Off the record... Blood Sugar Sex Magik

Off the record... Blood Sugar Sex Magik

Off the record... Reading Off the record... Blood Sugar Sex Magik 3 minutes Next Off the record... Fine Line

Released in 1991, it’s almost hard to believe that this was the Chili Peppers FIFTH studio album at the time. It was a turbulent time for the funk-rock 4 piece, with previous album ‘Mothers Milk', receiving only moderate success and original guitarist Hilel Slovak tragically passing only 3 years prior. However, every cloud has a silver lining, with virtuoso John Frusiciante joining the band and ultimately, changing the sound of the band for the foreseeable.  

The album was rather perculially recorded in Harry Houdini’s old mansion, yes you read that right, where the band created the album and also lived during this period, with the exception of drummer Chad Smith, who was convinced the place was haunted. (I know, I know.)



Perhaps influenced by other artists of the time, this was a distinct change of pace for the Chili Peppers, with more of an emphasis placed on punk/funk guitar riffs (Give It Away Now, Suck My Kiss) and somewhat abandoning the more melodic efforts that had previously brought the group mainstream success. The LA based ensemble was known even back then for their outrageous and often prolonged jams, and on previous albums Mothers Milk and the Uplift Mofo Party Plan it is brazenly obvious that songs were birthed from extended jam sessions. However, on Blood Sex Sugar Magik, the tracks have a more structered and regimented feel - Take ‘Under The Bridge’ for example, 2 years previous if the Chili’s had dropped the track it would’ve presumably descended into chaos, yet the more composed approach led to an ebbing and flowing masterpiece that still stands up today.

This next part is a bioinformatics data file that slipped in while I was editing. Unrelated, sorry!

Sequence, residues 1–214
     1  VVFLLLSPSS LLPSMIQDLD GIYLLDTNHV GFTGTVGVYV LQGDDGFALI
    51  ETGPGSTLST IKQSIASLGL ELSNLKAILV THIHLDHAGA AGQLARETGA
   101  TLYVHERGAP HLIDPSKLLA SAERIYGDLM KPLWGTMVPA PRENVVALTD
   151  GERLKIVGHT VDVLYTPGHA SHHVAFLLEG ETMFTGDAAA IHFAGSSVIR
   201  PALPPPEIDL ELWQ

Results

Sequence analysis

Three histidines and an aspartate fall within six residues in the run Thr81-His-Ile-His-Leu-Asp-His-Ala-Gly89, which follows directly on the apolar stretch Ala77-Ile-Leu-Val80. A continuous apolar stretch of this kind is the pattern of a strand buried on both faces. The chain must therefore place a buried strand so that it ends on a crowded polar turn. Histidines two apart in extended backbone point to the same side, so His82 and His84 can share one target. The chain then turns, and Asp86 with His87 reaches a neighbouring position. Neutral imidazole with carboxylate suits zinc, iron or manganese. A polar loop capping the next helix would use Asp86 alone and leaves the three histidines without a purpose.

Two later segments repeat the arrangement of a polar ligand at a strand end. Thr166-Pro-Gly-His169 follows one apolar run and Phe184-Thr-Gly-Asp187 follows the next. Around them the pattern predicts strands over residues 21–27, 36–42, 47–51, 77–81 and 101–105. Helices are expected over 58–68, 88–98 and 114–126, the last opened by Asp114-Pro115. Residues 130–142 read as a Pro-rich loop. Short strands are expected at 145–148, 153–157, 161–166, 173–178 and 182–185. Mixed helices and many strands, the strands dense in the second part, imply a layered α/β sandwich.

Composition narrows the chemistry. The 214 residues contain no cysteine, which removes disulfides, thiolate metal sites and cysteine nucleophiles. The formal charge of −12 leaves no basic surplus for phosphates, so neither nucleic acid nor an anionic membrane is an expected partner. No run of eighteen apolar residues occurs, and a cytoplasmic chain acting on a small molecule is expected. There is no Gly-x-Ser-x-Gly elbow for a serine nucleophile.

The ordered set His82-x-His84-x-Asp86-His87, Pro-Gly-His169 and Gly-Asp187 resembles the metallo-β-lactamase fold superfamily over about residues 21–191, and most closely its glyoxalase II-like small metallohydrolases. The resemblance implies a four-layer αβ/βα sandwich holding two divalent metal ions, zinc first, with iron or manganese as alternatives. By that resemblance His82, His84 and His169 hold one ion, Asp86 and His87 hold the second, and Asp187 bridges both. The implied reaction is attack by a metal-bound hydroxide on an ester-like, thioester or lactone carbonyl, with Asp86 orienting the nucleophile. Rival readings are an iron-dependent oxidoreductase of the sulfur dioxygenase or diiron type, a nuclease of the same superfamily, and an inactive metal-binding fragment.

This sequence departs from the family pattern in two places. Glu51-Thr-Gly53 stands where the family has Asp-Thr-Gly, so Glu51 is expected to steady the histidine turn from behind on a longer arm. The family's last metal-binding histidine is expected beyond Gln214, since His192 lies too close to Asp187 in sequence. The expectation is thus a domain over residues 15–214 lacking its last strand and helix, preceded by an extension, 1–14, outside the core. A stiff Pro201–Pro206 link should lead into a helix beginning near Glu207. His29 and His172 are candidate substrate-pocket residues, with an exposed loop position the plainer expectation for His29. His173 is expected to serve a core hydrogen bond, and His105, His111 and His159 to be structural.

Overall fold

The album was produced by Rick Rubin who is credited with giving the album a more dynamic feel as opposed to previous Chili Peppers efforts. The group had been criticised by some for overpowering the listener with intense riffs and harsh noise whereas this LP flows beautifully and feels more fully formed, previously the band had a tendency to sound rather ragged and disjointed.

If you’re a new fan looking to dive in the Chilis head first, this is a great start. It’ll sound both familiar and new if you’re aware of albums like Californication and Stadium Arcadium, however the further back you dive into the RHCP back catalogue the murkier it gets, so this is a rather safe point of departure. Enjoy!


These are the words of our 8-Teams' JJ Lee in Cork, Ireland.

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